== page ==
Offering a Ray of Light on a Dark Week

In an emotional week for all of Pittsburgh, it was customer service representative Patti Getty who invited passengers and employees to Pittsburgh International Airport’s interfaith chapel to pray and reflect on the Squirrel Hill synagogue shootings.

“Our airport team joins you in praying that the warmth, love and inclusivity of our community — the true Pittsburgh and the common values of our nation — continues to shine in our hearts and actions and surround us all during the days to come,” she read, in part.

As the statement came over the public address system in the hours and days after the shooting, many passengers stopped to listen. Often, a hush seemed to fall over the airport.

“It was really touching, and I’m glad we were able to offer that to people,” Getty said. “When it comes to any city, you back your city up. It doesn’t matter what color, what race, what our background is. We’re Pittsburghers. It’s just what we are. We pull together.”

Pittsburgh International Airport’s interfaith chapel is located on the Airside Terminal Mezzanine.

The Oct. 27 shootings at the Tree of Life synagogue touched everyone in this tight-knit region. As the region’s front door, the airport was not immune. Monitors throughout the airport all week reflected that solidarity by displaying a “Stronger than Hate” message, and public messages of solidarity were posted to the airport’s social media channels and website.

The gestures were appreciated and shared by many passengers, officials and media who traveled to Pittsburgh in the days after, as they posted their feelings to social media:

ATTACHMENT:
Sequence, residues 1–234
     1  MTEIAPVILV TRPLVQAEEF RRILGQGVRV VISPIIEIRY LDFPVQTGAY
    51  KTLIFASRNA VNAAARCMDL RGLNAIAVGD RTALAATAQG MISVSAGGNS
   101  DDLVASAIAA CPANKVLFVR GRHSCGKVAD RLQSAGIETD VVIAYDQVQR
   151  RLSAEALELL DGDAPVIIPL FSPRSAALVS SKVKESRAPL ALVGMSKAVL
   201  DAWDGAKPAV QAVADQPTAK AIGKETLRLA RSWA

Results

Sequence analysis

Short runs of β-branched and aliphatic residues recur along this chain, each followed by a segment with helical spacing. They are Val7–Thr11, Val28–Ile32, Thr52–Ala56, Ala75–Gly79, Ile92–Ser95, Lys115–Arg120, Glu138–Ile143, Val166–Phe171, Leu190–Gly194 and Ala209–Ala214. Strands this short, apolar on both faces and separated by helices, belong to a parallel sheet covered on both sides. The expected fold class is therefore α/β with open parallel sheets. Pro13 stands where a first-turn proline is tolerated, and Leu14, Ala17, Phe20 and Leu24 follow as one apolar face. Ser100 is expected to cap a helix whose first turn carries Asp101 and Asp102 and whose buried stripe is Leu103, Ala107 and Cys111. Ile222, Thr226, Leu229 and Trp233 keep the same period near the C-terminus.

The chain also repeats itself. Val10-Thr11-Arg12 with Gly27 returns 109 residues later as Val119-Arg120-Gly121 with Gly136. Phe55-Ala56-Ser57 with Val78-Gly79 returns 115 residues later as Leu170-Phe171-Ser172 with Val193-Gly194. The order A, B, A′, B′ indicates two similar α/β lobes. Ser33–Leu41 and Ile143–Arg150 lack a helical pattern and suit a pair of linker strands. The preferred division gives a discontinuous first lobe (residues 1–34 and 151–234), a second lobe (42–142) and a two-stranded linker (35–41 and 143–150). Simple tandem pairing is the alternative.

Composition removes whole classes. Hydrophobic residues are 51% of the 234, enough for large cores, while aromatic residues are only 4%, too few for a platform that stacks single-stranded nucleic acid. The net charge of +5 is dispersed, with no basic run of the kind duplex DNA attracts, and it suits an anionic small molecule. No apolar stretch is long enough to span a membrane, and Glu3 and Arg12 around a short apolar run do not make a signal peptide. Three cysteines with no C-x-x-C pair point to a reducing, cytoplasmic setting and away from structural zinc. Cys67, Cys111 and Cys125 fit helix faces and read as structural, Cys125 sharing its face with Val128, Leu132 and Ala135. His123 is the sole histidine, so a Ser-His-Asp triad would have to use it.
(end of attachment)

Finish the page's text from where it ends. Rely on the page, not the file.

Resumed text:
• “On my way back to New York after a long day in Pittsburgh meeting members of the Jewish community, it was heart-warming to see the (stronger than hate) symbol of solidarity and resilience at PIT airport.”
  • “Thank you PIT airport.”
  • “The show of support from the larger Pittsburgh community is really beautiful.”

“We want to contribute however we can to let everyone know that this is not what Pittsburgh is about; that hate has no place here; that we are a region of openness,” said CEO Christina Cassotis. “Pittsburgh International is the front door for our region, and inclusiveness for all is part of what we stand for in bringing the world closer together. We’re always stronger together.”

Behind the scenes, the airport helped however it could. Airport firefighters responded to the Emergency Operations Center set up to respond to the incident. Personnel greeted family members of victims at the gate as well as dignitaries flying in to offer support, including a representative from the Israeli government.

“If we could help in any way, that’s what we did,” said Vince Gastgeb, PIT’s vice president of Government and Community Affairs. “It was important to be able to provide quiet spaces for families to meet and assist mourners through the terminal.”

The airport’s customer service team also dispatched therapy dogs throughout the terminal this week as nerves and emotions were still raw. The PIT PAWS therapy dogs greeted travelers and helped brighten the mood.

CNN producer Sonia Moghe, who was traveling through, tweeted a video of the dogs saying “it is everything we ever needed.” A Florida chaplain who flew to Pittsburgh to offer his services at the synagogue said the dogs “immediately lifted me up. As a chaplain I go around consoling hundreds and hundreds of people. This is a blessing to me.”

“If we can help to bring a smile to some people’s faces this week, particularly those traveling long distances, that’s important,” said Elise Farris, customer service manager.

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